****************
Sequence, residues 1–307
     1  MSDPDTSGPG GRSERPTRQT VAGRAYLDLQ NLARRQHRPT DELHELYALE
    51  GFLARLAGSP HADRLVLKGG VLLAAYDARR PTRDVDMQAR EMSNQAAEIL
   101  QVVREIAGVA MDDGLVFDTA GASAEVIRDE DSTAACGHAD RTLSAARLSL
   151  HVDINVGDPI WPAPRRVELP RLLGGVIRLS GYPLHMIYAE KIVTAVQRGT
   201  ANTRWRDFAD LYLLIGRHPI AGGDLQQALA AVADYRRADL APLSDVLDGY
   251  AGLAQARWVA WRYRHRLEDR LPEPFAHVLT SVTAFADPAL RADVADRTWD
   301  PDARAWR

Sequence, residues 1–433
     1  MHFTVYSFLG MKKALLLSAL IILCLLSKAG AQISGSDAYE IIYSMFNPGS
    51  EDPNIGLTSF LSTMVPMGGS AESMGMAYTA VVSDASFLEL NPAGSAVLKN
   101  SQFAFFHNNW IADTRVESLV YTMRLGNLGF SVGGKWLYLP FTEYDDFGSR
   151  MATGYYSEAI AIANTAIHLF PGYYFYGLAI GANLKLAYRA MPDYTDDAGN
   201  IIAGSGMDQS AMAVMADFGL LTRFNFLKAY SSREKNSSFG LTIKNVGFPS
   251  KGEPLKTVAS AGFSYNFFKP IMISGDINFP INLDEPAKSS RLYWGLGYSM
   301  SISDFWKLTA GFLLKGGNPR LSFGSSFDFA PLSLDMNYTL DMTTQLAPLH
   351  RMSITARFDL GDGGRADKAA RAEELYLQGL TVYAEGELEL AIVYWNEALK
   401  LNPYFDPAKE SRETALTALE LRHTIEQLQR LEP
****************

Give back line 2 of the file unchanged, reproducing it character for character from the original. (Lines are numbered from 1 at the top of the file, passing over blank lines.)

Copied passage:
     1  MSDPDTSGPG GRSERPTRQT VAGRAYLDLQ NLARRQHRPT DELHELYALE